age and race
A protest at City Hall, June 24.

For 28 city budgets I was the director of public policy for LiveOn NY. I advocated on behalf of thousands of older New Yorkers and community-based organizations, known as the aging services network. New York City has the largest community-based network in the nation. With more than 50 percent of people over age 60 being people of color and immigrants, the aging network is on the frontlines, allowing elders to age with dignity and staving off isolation; after all, we all need a peer community throughout the lifespan. There are 1.7 million people over age 60 in New York with almost 20 percent living below poverty.

The aging network serves homebound elders meals-on-wheels and provides case management and home care services. They support family caregivers. There are always long waiting lists for homebound elders looking to have a case manager and receive home care. Imagine making 85-year-old people wait for services. The aging services workforce is mostly women of color and immigrants, and they have risen to the challenge of serving seniors during this time of COVID-19.

Each year we fought so hard to maintain funding, more often being cut. The fight goes on to this day by LiveOn NY and others. The mountains of ageism, racism and sexism were always too high a climb for the city to adequately fund services for the fastest growing segment of our population, those 60 and older.

Older people of color have lived a lifetime of racism. They have systemically been marginalized in housing, health care, education and employment. The organization I worked for wrote the first report in the nation on the impact of welfare reform on older adults way back under President Clinton, when he set a five-year time limit to receiving welfare. Guess who has shouldered that “reform”? Mothers and grandmothers, because that’s whom family members turn to when they need help.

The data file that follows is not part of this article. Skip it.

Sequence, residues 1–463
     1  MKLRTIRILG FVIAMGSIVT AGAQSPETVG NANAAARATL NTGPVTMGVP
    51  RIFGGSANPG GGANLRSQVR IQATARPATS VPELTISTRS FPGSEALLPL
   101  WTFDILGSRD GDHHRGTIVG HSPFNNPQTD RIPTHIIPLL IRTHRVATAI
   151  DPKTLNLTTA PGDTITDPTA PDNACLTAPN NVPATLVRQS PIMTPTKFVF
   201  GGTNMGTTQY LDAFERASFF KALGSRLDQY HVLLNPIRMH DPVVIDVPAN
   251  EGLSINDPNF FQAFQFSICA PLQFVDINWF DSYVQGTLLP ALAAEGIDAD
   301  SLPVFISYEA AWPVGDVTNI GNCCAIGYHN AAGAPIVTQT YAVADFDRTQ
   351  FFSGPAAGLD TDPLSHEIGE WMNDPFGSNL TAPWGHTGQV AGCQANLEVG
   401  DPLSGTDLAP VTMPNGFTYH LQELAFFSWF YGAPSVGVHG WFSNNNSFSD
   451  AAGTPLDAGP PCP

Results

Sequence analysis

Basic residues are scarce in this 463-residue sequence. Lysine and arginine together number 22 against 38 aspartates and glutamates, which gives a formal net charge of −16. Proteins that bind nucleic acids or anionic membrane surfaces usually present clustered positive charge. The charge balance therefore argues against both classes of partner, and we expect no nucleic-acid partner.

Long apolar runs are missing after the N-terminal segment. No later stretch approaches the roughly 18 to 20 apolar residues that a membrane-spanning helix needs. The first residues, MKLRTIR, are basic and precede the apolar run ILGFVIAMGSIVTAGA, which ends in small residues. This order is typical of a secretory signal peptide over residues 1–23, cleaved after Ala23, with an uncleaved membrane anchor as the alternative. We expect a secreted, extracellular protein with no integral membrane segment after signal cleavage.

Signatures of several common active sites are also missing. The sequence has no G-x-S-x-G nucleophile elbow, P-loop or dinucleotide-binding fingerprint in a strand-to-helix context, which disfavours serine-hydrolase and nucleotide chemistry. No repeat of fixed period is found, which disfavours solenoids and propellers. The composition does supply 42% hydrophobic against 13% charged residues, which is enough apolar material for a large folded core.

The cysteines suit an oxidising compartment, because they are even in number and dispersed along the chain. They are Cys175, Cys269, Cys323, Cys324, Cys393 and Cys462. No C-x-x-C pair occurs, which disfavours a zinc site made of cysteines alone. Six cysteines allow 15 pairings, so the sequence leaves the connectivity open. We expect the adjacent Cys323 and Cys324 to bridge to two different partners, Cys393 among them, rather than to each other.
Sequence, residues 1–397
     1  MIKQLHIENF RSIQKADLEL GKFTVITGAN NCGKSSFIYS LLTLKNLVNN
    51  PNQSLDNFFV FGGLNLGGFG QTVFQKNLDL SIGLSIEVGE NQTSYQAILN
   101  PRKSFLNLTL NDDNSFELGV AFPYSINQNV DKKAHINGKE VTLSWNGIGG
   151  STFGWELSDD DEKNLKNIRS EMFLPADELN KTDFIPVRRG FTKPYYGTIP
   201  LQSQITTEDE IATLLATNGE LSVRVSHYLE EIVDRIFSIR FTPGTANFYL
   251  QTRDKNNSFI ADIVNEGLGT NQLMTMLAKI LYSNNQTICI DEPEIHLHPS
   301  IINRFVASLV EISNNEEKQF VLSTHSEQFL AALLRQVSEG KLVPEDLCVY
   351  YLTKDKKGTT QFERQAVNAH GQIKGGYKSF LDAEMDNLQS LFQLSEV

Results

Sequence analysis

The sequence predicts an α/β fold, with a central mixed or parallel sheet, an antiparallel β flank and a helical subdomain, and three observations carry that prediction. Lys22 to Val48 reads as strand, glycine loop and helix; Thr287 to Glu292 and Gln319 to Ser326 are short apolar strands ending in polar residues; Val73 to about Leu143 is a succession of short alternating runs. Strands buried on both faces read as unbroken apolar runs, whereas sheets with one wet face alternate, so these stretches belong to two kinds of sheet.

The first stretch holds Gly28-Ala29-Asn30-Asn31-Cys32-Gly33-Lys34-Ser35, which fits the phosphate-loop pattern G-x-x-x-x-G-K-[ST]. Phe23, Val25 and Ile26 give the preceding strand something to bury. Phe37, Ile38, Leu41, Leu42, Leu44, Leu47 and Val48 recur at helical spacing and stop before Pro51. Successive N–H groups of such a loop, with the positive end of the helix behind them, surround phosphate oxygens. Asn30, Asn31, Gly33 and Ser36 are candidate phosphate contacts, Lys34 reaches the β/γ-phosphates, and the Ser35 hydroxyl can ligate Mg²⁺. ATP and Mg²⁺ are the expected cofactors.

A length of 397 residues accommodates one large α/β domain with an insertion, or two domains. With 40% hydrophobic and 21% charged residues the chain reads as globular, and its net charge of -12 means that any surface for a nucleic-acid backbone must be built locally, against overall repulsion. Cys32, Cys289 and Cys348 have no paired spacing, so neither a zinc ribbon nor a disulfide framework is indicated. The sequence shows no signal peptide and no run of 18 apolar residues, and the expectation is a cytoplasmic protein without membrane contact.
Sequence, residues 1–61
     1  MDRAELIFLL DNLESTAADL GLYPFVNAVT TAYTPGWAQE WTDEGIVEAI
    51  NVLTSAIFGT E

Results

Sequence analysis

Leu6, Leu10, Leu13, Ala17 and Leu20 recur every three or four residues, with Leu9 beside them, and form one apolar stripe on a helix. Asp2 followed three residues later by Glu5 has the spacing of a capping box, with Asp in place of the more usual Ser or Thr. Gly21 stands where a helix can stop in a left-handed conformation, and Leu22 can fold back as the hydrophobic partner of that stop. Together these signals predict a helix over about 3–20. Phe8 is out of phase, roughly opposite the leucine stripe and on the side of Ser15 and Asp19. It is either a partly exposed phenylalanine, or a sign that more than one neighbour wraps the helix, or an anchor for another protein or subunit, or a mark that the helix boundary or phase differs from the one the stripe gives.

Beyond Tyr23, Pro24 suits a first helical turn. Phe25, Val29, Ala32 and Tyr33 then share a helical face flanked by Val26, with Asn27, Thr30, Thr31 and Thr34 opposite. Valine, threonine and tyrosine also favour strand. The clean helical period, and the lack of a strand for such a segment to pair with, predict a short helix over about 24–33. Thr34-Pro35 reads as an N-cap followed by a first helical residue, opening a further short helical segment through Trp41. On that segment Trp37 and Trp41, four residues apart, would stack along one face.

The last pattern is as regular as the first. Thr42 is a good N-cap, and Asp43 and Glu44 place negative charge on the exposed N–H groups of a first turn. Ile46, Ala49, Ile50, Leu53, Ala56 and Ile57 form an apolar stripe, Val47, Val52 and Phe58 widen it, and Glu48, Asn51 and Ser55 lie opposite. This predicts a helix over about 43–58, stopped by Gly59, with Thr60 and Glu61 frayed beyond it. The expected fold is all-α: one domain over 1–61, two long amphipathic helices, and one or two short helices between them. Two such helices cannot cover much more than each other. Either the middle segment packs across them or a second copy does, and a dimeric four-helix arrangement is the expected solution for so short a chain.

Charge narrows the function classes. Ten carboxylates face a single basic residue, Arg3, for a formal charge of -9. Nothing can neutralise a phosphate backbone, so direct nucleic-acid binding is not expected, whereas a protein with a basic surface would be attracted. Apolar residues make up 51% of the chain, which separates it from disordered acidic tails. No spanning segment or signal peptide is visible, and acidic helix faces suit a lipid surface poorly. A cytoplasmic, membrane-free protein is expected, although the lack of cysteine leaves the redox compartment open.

Thousands of black grandparents in New York City, mostly grandmothers, are raising their grandchildren – with their adult child incarcerated, suffering from substance abuse or mental health challenges – amid conditions of poverty and a lack of city funding for services. Black women are caring for their parents and other family members. For Black caregivers, 35 percent of their income is spent on caregiving; for Latino caregivers, 44 percent; and for white caregivers, 14 percent. (Lack of universal health care and long-term care falls heavily on black families. That’s why it’s time to pass the New York Health Act.)

Older adults are at the end of the “food chain” of a racist world. Older women of color are probably the poorest segment of the city’s population and among the most invisible. Older adults of color have “given the talk” to generations. They remember stop-and-frisk under Mayor Giuliani as well as under Mayor Bloomberg. They have felt the brunt of a bloated NYPD budget terrorizing them and their children, grandchildren and neighbors – their communities. Older adults are the true “safety net” of families and communities, and yet the city has never found its way to adequately support services that provided them with a safety net. Yet the NYPD budget always grew.

Now those adults are paying the price with their lives, dying in disproportionately high numbers from COVID, both in the community and in nursing homes because of “pre-existing” health conditions. It is time to shout out that the most dangerous “pre-existing” condition has been living in a racist society.

Once again, the mayor’s budget will cut Department for the Aging (DFTA) funds. It’s austerity time again. If across the board agency cuts of 7 to 10 percent are instituted, DFTA will be devastated. I lived through that during the Bloomberg administration. All while the NYPD was not be touched.

It was an open secret during those 28 city budgets I worked on that the NYPD budget would never get cut. It would grow. I’m hopeful now that New Yorkers are coming together in solidarity across generations to declare we must defund the NYPD and that no one is disposable.

We are demanding racial justice. We also need age justice. The June 24th rally at City Hall, #ELDERSFORBLACKLIVES, ended with a powerful and poignant intergenerational pledge – the younger and older activists pledged out loud to each other, “We will not let you down”.

We can speak in one voice to protect and expand human services and keep communities truly safe by building a caring economy that will allow all New Yorkers to survive and thrive.

Bobbie Sackman is a member leader of Jews for Racial and Economic Justice/NY Caring Majority and the former director of public policy at LiveOn NY.